Colorblindness Is Not the Solution
If we can’t even name race we become unable to name and challenge racism. As Kimberlé Crenshaw and Luke Harris argue in Critical Race Theory: The Key Writings That Formed the Movement, “color bound problems cannot be corrected by colorblind solutions.”
As Erin Winkler writes about in Children Are Not Colorblind: How Young Children Learn Race, if we act like race and racism aren’t meaningful, and ignore that racism was and continues to be built by white people on purpose, to hoard money and power--then children are left to their assumptions and may think racial inequality reflects people’s intelligence, capability, imagination, or skills, which is untrue.
It is a lie to tell children that color doesn’t matter, when race is an enormous factor in where people live, how much wealth their family has, how likely they are to go to prison, being unemployed, getting suspended from school, living near toxic waste, being assaulted or killed by the police, to name a few.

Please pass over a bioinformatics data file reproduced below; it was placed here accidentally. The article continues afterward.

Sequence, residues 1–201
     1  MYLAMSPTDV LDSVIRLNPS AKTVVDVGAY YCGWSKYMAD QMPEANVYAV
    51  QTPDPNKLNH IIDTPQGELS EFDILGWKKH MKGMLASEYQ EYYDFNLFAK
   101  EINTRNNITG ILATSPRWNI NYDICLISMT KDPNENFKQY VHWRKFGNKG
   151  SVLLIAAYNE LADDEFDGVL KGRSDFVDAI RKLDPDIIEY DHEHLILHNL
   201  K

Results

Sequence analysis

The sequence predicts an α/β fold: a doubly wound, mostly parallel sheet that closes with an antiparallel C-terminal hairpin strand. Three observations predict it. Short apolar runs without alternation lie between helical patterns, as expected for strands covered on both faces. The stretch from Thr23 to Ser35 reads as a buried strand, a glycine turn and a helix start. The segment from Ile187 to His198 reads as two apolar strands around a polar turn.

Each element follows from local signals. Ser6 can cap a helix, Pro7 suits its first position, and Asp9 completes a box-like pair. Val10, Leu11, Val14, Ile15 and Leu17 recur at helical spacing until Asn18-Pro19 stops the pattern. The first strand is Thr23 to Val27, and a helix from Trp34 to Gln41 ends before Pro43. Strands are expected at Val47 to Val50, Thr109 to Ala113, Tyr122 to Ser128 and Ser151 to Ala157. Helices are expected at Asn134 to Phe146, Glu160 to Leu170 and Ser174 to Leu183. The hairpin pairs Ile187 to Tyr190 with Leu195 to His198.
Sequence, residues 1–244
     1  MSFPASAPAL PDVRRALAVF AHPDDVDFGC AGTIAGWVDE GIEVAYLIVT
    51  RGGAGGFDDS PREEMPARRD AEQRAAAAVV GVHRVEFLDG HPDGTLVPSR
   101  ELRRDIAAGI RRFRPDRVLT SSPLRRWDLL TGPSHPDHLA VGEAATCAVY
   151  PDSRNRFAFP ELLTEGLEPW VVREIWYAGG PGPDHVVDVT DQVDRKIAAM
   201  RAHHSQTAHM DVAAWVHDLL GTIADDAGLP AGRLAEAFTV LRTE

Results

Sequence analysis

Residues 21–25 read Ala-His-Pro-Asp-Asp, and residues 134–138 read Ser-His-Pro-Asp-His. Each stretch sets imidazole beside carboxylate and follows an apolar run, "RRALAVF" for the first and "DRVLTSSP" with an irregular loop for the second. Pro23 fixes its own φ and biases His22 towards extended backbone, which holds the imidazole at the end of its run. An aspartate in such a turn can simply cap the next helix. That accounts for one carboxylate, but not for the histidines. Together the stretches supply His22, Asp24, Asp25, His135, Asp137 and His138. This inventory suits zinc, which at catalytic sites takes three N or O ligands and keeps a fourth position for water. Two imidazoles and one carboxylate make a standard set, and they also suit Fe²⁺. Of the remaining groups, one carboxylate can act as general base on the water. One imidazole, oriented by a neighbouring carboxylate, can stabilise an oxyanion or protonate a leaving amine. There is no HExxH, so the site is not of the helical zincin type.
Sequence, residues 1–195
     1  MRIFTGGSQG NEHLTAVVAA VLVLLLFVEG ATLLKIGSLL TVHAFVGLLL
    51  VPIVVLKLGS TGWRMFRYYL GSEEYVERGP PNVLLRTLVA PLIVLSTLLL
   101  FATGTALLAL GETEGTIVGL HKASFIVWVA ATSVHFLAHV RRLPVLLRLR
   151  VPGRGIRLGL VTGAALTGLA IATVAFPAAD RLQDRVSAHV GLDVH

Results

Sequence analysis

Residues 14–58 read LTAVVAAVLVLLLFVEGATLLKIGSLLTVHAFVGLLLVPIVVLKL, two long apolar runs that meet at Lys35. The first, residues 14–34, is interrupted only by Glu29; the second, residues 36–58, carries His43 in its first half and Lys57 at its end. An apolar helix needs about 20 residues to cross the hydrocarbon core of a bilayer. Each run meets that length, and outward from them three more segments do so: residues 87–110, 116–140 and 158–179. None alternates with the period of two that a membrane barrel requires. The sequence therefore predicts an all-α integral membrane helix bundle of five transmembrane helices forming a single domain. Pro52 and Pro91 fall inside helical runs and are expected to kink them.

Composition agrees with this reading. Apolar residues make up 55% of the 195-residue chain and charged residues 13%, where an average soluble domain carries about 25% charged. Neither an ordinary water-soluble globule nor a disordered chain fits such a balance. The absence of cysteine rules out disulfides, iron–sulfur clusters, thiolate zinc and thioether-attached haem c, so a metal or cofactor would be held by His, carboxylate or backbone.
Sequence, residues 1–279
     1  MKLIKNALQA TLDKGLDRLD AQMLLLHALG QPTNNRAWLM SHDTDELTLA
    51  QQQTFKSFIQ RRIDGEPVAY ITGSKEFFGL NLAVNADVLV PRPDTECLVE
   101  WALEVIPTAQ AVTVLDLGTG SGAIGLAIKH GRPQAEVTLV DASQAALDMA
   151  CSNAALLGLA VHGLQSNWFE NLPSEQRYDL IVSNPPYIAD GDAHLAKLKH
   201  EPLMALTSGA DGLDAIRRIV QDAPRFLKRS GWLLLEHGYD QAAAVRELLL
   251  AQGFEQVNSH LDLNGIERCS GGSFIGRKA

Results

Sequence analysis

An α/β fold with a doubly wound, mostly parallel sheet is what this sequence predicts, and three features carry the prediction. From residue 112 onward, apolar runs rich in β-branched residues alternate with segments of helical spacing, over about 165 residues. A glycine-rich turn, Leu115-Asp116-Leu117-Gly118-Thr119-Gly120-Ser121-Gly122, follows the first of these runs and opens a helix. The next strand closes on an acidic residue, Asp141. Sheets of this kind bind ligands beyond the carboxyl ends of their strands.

Winkler writes, “Children also learn which social categories are important by observing their environments. They are likely to notice that the people in their families or neighborhoods are all different heights and have different hairstyles, but perhaps almost all have the same skin color. Therefore, children may assume that they should avoid or dislike people with different skin colors than their own, even if no adult ever says this to them. Similarly, children may notice when going to the store or the doctor’s office or riding the bus that height and hairstyle do not seem related to occupation or neighborhood, but skin color does. These patterns form what Bigler & Liben call a ‘cognitive puzzle for children to solve.’ When children notice these patterns, they often ‘infer that these are norms or rules’ and that the patterns ‘must have been caused by meaningful inherent differences between groups.”